Global Water Institute team from left to right: Marty Kress, Amanda Davey and Michelle Cane. Credit: Gabriela Okhuysen | Lantern reporter

After 46,000 water projects failed, Ohio State helped 5 million people in Tanzania have clean water — and it’s not done yet.  

Ohio State’s Office of Research started the Global Water Institute in 2013 with an initiative to solve complex water issues. GWI grew into its ongoing project that will bring sustainable water systems to more than 50 villages in Tanzania, Marty Kress, executive director of GWI, said. 

In developing countries, 40 to 60 percent of all new water systems fail in their first year, Kress said. The institute’s goal was to change the fate of water systems in Tanzania, which had 46,000 failed water projects before GWI stepped in, Kress said. 

Unsuccessful investments created false hope in communities that needed water for agriculture, sanitation, cooking, personal hygiene and drinking, Kress said. 

Even when projects started successfully, if something as simple as a hand pump broke, the entire operation would come to a stop, Amanda Davey, program manager of GWI, said.

“The big part of why these systems fail is the people don’t have the capacity to fix them,” she said.

In order to ensure water well systems could be maintained, Davey said GWI began to train local people in technical skills to repair the wells after they were installed by in-country partners

The training promoted greater social impact in communities with wells because as the water was distributed, schools and clinics could have sanitation, and female entrepreneurs began generating revenue after they did not have to spend time gathering water for the household, Kress said.

“Water is a catalyst for economic activity, as well as hygiene and sanitation, but you need all the pieces of that system, and then you gotta make it a sustainable business, not just a charitable donation,” Kress said. 

Since installing the wells, Kress said school attendance among girls and boys has gone up 10 to 12 percent because they are no longer tasked with fetching water for their homes.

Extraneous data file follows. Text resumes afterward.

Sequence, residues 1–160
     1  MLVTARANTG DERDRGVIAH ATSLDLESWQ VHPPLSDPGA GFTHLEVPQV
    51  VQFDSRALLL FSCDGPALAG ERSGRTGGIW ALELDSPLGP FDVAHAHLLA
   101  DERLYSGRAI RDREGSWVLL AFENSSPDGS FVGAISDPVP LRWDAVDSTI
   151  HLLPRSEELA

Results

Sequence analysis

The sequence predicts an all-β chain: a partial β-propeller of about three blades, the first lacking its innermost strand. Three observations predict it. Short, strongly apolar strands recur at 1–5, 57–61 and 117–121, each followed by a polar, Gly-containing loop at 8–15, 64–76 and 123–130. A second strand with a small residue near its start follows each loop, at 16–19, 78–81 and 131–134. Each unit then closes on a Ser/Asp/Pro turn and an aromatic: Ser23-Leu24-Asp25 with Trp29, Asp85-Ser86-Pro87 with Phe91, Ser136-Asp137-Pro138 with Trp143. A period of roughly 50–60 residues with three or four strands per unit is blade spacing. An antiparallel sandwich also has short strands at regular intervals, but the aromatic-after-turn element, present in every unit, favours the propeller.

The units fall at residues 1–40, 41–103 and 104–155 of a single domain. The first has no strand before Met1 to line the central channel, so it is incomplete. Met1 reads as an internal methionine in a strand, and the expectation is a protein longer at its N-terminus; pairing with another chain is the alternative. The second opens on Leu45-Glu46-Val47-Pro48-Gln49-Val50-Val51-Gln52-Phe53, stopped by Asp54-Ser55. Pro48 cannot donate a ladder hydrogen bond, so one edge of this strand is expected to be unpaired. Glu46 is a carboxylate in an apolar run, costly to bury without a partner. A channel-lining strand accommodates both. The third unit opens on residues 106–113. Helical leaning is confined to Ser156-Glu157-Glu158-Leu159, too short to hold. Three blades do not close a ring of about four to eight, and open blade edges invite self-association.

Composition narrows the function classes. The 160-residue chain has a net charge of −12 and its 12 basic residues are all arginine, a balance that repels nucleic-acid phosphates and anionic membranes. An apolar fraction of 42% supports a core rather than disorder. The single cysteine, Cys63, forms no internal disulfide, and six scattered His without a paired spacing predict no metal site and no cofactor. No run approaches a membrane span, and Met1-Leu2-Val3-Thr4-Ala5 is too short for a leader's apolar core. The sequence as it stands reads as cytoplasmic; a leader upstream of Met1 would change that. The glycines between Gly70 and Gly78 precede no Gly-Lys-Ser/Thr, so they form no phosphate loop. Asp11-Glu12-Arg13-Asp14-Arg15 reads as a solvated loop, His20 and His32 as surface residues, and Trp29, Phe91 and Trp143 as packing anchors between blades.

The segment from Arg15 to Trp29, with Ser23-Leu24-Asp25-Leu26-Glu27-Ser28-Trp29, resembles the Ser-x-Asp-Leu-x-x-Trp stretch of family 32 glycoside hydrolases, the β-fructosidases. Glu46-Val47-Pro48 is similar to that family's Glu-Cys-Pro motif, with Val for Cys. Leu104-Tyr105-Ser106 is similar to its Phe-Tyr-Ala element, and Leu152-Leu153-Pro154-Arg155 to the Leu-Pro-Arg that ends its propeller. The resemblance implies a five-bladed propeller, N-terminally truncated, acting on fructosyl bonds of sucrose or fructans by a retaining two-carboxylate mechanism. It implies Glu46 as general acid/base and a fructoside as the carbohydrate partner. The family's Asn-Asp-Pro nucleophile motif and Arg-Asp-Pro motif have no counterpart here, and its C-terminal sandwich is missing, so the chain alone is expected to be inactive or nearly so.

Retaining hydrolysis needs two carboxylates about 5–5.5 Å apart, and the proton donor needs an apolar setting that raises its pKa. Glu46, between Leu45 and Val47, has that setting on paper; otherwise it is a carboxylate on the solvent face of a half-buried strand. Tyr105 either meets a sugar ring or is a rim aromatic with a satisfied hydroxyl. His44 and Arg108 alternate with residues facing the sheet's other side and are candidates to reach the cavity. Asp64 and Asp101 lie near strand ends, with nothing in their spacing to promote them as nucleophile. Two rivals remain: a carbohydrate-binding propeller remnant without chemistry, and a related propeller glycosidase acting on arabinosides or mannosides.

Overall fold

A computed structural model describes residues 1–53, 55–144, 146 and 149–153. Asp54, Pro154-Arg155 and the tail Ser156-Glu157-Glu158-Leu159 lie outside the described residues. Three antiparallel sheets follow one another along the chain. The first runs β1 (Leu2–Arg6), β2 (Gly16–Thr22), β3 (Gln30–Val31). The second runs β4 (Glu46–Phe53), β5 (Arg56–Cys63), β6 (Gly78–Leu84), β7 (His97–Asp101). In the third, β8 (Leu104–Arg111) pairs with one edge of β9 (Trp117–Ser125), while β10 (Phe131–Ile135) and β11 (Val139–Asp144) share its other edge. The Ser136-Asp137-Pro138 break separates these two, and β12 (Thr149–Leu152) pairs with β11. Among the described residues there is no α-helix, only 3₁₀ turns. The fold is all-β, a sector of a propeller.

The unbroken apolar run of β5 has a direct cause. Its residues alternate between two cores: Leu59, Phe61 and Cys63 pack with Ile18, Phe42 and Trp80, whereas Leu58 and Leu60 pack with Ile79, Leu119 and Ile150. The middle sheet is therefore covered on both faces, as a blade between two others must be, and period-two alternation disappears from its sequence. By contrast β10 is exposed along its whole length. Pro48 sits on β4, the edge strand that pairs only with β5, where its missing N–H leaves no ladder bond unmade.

However, GWI’s mission is far from complete. 

The team is competing to win the MacArthur Foundation grant proposal — a $1 million, four-year endowment to any project or pursuit run by U.S. citizens or residents — and is currently ranked in the top 100 contenders, Kress said. 

If granted this award later this year, GWI wants to deploy sustainable water systems to 250 more villages in Tanzania, Kress said. 

“When you look at all the different entities we are creating, there’s a large point of intersection that, down the road, would be the next step to really enhance the image of Ohio State,” Kress said. 

Through its trips, GWI aims to create more interdisciplinary teams to open up to students, faculty and staff with a wide range of expertise in order to solve complex problems with long-term resolutions, Kress said.  

“If you run the solar lab at OSU, you can come in and install solar lighting or a solar hot water heater,” Kress said.  

Michelle Cane, student activity program assistant at GWI, said GWI can also help students’ global perspective. 

“It is crucial in this day and age to have a global perspective in everything that you’re doing. Places like GWI that are actively involved in the global community are an indispensable resource that students should be taking advantage of,” Cane said. 

GWI runs capstone classes in the College of Engineering and leads multiple trips to Tanzania with students in the Fisher College of Business, Kress said.

Davey said the connections students make help them realize what they share with people in Tanzania.

“The reason why these experiences are so transformative is because we get these students over there interfacing,” Davey said. “They recognize this common humanity, and it takes down all these walls and it’s really soft diplomacy. It’s building peace.”

To learn about upcoming events and how to get involved, students, faculty and staff can visit GWI’s website.

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